The art of leaving a legible financial footprint

Most people know they are worth more dead than alive. But many — including those who survive them — don’t know how much more. Or where the treasure (if any) is buried. And how you want it to be handled.

Many federal workers and retirees, especially if they own property or have TSP accounts and life insurance, are easily worth a million dollars or more. Deciding who gets it (Uncle Sam, the state, your children) isn’t easy but it isn’t rocket science either. And you doing it now can save lots of grief, ill will and money down the road. Might help keep an otherwise tight-knit family from falling apart.

So we asked estate and tax attorney Tom O’Rourke what he tells his clients. Most of them are current or former feds. Tom will be my guest this morning at 10 a.m. EST on Your Turn. You can stream it live here, or listen on the radio in the greater D.C. area on 1500 AM. If you have questions for Tom, email me them before the show airs. To help prep you for the show, and setting up your own financial plan, here’s his checklist:

In my 30 + years in helping individuals meet their estate planning goals I have encountered a number of misconceptions people may have about estate planning. Some of the most common are the following:

  1. I am not rich so I don’t need an estate plan.

If you have anything, you have an estate. While it may be quite modest, it is nevertheless yours to do with as you please.

  1. Everybody knows what I want, so why do I need a will?

The person who says this typically wishes to leave everything to a spouse and when the spouse dies to the children in equal shares. If the person is willing to engage in a discussion about estate planning, this discussion typically leads to the conclusion that even the person making the statement does not really know what he/she wants without giving it more thought.

  1. Minimizing taxes is one of the most important goals in developing an estate plan.

For many individuals, taxes play a very limited and possibly no role in the estate planning process. There have been major changes in estate and inheritance tax laws in recent years that completely eliminate estate or inheritance taxes for most individuals.

  1. I should leave everything to my children in equal shares.

While many do divide their assets equally among their children, this is not required by law. A plan about how to divide assets at your death should be based on your goals and not on any preconceived notion.

  1. My spouse and I have been separated for many years, but haven’t bothered to get a divorce. I am not going to leave him/her anything.

Virtually all states have spousal inheritance laws that may prevent you from disinheriting a spouse – even one you have been separated from for years.

  1. My significant other and I have been living together for years and I want him/her to inherit everything I have.

You certainly can accomplish this goal, but you need either a will or a trust to make sure it happens.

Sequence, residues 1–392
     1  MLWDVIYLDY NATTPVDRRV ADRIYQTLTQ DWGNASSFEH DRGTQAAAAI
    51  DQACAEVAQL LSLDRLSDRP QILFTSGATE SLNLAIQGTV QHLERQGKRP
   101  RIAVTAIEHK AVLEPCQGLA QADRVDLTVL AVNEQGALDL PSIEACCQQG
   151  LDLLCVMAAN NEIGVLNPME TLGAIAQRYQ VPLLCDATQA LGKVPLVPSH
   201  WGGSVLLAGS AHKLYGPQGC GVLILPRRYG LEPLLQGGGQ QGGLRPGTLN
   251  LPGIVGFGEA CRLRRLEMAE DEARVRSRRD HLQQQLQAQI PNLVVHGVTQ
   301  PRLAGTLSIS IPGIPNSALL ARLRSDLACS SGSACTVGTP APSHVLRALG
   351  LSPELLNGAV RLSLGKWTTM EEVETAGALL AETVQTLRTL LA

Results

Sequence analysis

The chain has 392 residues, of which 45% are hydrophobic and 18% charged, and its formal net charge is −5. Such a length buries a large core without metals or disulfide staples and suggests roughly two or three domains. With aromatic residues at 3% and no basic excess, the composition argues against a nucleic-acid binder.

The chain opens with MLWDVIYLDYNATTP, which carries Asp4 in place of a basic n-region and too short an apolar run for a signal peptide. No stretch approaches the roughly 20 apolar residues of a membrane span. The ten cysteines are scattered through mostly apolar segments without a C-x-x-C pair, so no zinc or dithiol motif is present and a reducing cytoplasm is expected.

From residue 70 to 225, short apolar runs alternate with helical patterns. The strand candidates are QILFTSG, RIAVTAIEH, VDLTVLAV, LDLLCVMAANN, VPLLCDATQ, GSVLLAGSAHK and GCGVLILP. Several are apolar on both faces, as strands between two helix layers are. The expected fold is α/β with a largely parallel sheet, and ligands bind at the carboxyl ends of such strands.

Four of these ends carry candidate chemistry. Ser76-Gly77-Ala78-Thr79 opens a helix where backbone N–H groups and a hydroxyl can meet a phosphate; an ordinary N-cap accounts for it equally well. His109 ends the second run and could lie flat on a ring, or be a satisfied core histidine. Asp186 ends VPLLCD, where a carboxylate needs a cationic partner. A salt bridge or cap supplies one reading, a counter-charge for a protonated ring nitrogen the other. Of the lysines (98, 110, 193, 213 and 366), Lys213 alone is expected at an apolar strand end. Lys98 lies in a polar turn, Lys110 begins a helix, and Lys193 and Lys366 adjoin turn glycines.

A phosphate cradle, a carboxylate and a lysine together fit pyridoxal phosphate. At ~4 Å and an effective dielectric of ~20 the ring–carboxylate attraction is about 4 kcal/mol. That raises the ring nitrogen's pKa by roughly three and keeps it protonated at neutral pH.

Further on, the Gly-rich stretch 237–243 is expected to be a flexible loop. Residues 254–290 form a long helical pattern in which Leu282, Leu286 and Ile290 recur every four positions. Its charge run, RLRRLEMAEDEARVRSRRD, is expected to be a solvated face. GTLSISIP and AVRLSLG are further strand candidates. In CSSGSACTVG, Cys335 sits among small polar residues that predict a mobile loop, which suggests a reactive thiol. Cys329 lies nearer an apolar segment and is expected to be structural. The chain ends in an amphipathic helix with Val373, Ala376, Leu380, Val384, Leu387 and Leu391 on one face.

1. I have a simple will that takes care of all my concerns and that is all I need.

A will does specify how your assets will be distributed after your death and who will oversee this process. It only becomes effective when you die. A comprehensive estate plan needs to deal with events that occur while you are alive – such as your inability to act on your own behalf.

  1. I have got a trust and that takes care of everything.

While a trust can be a very valuable estate planning tool, it needs to be properly funded and updated on a periodic basis.

An Estate Planning Checklist In The Time of the Pandemic:

  1. Review your will or trust to make sure it remains consistent with your wishes.
  2. Check your medical directive and financial powers of attorney to insure that they remain consistent with your wishes.
  3. Review your beneficiary designations.
  4. What about your pets?
  5. Do you have specific wishes for a funeral and burial?”

If you want to contact Tom, you can do so here.

Nearly Useless Factoid

By Alazar Moges

A 2006 report from the National Academies of Science’s Institute of Medicine (IOM) claimed sloppy handwriting from doctors killed over 7,000 people annually. Many preventable medication mistakes also injure more than 1.5 million Americans annually. Many errors resulting from illegible writing on prescriptions.

Source: TIME

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THRIFT SAVINGS PLAN TICKER

Oct 23, 2020 Close Change YTD*
L Income 21.6745 0.0225 1.59%
L 2025 10.5342 0.0235 -
L 2030 36.1351 0.0989 1.76%
L 2035 10.7083 0.0322 -
L 2040 39.9820 0.1307 1.73%
L 2045 10.8273 0.0379 -
L 2050 23.4480 0.0875 1.64%
L 2055 11.0692 0.0494 -
L 2060 11.0692 0.0494 -
L 2065 11.0693 0.0494 -
G Fund 16.4825 0.0004 0.76%
F Fund 20.9674 0.0125 6.75%
C Fund 51.4193 0.1769 5.50%
S Fund 62.4007 0.3642 3.45%
I Fund 30.9743 0.1672 -6.83%
Closing price updated at approx 6pm ET each business day. More at tsp.gov
* YTD data is updated on the last day of the month.